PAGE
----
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Few situations are more painful than watching a loved one struggle with a drug or alcohol problem. No doubt, you have seen the person you love slowly slip away. You desperately miss that person and are tired, frustrated, and fed up. The time has come to confront him or her about the addiction that has taken hold of all your lives.
The conversation will not be easy. Confronting your addicted loved one will be as difficult for you, as it will be for the person struggling with dependence. To foster an open, constructive dialogue, you have to choose your moment wisely.
With that in mind, here are some tips to help the discussion go as smoothly as possible, to give your loved one the best possible chances of breaking free:
Respect what you are dealing with.
Addiction is powerful. It is very hard to overcome, and most addicts try to quit numerous times before they succeed. Acknowledge the power of what your loved one is facing, and realize the addiction is not his or her fault. To better understand what you are up against, you may want to educate yourself on addiction before the confrontation by attending meetings of a local addiction support group, such as Al-Anon.
Search for a sober moment.
The best time to confront someone about an addiction is not when the person is under the influence. Drugs and alcohol inhibit the ability to think clearly, and a person is much more apt to have an explosive, irrational reaction when he or she is high. Plan to talk to your loved one at a time he or she is most likely to be sober, such as first thing in the morning.
Use an unfortunate incident as an opportunity.
In cases of addiction, side effects that seem disastrous, such as a job loss, relationship break-up, or driving under the influence (DUI) conviction, can be blessings in disguise. Immediately after such wake-up calls, addicts may be more open to facing their addiction and planning how they can avoid similar incidents down the road.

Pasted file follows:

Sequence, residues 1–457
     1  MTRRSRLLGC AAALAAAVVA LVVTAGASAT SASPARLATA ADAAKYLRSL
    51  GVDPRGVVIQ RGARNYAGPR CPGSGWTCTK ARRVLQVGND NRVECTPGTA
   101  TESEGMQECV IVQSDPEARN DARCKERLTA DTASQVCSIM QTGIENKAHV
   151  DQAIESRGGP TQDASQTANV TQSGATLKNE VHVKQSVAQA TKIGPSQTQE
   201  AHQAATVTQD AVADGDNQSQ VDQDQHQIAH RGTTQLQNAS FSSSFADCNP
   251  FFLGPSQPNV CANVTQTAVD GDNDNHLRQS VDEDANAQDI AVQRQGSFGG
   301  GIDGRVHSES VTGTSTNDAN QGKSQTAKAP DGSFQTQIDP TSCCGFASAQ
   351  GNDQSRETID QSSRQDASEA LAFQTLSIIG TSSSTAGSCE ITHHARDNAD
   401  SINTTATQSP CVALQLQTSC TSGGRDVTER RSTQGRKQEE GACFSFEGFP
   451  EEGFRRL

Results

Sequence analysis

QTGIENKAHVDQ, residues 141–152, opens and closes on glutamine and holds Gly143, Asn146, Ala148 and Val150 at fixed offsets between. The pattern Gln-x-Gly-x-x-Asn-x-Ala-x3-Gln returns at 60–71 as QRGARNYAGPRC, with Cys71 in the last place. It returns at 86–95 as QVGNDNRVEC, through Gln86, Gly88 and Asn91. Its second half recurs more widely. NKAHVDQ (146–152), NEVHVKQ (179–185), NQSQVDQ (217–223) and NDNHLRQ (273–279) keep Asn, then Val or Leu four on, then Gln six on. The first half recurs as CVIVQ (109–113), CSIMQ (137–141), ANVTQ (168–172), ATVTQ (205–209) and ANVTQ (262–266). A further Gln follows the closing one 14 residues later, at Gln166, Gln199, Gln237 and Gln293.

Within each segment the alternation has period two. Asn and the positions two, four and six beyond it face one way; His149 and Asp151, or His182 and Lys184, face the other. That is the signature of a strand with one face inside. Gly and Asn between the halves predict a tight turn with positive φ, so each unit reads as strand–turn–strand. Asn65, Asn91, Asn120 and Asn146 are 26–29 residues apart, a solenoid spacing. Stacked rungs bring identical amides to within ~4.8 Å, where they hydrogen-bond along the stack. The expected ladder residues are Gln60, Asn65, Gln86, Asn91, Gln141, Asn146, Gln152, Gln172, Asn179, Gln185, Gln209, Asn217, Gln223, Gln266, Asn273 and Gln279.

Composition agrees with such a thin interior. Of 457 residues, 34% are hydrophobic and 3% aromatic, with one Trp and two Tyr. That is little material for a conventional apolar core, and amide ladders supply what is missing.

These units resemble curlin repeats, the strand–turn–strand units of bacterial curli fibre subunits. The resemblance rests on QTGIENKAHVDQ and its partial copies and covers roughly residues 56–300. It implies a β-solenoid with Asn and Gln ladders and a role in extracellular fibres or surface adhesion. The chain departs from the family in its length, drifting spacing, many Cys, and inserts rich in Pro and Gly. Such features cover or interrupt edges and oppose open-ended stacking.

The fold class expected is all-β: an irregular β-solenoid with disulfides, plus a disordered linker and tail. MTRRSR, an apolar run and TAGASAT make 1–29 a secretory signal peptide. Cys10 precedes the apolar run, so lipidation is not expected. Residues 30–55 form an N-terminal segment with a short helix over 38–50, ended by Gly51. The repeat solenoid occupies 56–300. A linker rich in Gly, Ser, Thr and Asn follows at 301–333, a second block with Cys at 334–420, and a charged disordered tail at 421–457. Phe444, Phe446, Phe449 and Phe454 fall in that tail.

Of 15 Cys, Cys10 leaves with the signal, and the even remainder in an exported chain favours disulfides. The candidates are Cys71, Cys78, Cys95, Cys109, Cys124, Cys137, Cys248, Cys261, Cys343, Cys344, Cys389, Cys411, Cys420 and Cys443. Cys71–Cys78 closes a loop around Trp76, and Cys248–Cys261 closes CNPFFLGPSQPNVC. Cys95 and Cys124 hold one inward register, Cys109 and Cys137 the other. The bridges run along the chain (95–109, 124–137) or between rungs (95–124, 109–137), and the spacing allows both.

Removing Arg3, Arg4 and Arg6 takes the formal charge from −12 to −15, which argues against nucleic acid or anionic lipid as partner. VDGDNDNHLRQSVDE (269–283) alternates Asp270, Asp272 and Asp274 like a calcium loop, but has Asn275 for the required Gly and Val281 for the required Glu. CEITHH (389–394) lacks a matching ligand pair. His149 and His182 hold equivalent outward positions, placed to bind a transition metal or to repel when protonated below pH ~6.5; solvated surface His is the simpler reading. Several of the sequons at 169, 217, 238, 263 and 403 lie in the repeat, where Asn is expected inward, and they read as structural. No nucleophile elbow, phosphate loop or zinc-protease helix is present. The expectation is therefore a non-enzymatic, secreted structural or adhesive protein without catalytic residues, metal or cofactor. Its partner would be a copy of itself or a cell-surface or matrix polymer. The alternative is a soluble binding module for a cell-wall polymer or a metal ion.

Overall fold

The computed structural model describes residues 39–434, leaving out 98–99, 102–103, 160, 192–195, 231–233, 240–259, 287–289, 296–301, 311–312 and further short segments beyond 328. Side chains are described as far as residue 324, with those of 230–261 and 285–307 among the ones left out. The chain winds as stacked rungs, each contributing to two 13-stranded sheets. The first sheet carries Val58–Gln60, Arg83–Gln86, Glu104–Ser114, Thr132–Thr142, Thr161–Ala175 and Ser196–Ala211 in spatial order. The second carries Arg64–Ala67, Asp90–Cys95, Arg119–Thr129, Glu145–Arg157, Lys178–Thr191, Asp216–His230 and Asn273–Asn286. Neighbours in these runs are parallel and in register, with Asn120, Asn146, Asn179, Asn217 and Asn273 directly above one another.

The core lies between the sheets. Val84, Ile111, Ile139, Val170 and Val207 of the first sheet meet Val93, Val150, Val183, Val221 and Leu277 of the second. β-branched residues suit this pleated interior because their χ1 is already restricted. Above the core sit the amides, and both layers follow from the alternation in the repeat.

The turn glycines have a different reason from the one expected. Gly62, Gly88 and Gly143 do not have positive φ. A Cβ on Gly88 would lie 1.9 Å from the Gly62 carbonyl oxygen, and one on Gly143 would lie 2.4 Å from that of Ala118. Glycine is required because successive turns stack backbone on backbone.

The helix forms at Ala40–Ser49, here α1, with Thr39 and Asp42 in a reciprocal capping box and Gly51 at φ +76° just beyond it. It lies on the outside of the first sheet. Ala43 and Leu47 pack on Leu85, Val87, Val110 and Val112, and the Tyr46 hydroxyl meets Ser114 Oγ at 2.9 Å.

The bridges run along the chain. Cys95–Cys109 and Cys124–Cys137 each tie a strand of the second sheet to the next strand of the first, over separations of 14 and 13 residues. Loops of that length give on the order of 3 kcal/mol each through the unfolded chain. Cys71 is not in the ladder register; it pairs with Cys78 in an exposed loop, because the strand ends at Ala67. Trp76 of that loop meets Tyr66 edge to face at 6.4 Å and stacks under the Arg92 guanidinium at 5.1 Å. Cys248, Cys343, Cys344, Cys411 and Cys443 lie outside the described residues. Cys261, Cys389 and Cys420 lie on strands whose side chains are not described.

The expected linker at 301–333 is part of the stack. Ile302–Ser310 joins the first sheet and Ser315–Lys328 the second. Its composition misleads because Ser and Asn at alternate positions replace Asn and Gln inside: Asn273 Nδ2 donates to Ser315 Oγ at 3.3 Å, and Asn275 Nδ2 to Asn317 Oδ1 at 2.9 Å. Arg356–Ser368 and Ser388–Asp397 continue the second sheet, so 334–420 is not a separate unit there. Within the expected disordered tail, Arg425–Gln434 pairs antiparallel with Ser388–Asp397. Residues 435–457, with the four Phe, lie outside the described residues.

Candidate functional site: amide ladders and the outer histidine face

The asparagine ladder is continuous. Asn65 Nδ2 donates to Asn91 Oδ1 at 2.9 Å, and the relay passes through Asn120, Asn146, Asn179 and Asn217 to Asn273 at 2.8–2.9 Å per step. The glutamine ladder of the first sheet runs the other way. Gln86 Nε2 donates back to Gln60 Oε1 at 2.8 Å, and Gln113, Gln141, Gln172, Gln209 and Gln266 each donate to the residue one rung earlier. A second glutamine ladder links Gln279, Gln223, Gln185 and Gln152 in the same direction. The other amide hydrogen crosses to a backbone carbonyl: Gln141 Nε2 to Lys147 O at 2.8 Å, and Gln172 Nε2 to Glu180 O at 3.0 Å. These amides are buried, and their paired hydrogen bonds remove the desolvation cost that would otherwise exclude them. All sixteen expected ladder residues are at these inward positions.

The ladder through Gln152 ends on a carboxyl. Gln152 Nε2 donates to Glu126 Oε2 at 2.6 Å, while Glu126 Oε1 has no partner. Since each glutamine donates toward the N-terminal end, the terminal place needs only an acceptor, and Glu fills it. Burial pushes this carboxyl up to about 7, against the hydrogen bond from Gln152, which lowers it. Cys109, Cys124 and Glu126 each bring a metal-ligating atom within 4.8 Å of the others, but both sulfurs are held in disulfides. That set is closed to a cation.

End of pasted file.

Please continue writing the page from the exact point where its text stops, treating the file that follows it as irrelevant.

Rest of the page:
Strike a compassionate yet tough tone.
When you confront your loved one about addiction, it will be just that—a confrontation. But you can make the conflict as positive as possible by emphasizing your desire to help. Express your genuine love and concern for the person while at the same time making it clear you will no longer tolerate the addiction.
Stand your ground.
Unfortunately, addicts often blame their partners and family members for their dependence. Keep in mind that no matter what the circumstances, the addiction is not your fault.
Consider an intervention.
In many cases, the best way to address someone with an addiction is with an intervention. During an intervention, a group of friends and family members come together to confront the addict. Realizing numerous important people in their lives share the same concerns, an addict may be more likely to seek treatment. If you want to stage an intervention, plan ahead; impromptu interventions are more apt to become riddled with drama and fail. Consider using a professional interventionist, especially if the addict has a history of violence or mental illness. Also arrange to have transportation ready and waiting should the person agree to go directly to treatment.
Stay the course.
When it comes to convincing someone with an addiction to seek help, tough love is best. After all, the line between helping and enabling is a slippery slope. If your loved one refuses treatment, prepare yourself to cut ties. You may have to stop giving money, transportation or housing, until he or she agrees. Going to these extremes can be difficult, but you will send a clear message that the addiction will no longer be tolerated.
Prepare yourself for the worst.
People struggling with addiction often react defensively when confronted. Even if you follow all aforementioned guidelines and choose your moment carefully, there’s no guarantee that your loved one will admit the problem or agree to treatment. Realize you cannot force your loved one into treatment; all you can do is explain from a place of compassion why you think he or she should get help.
On a positive note, if nothing else, the discussion will get the wheels turning in the addict’s head and perhaps get him or her one step closer to recovery. In other words, it will not be in vain.
Hope for the best.
As a friend or family member of someone with an addiction, you may feel like you are destined to live with frustration and turmoil forever. But remember: Thousands of addicts enter recovery centers every day, and many of them leave clean and sober. Your loved one has the power to get better, and you can play an important role in helping him or her choose freedom over dependence.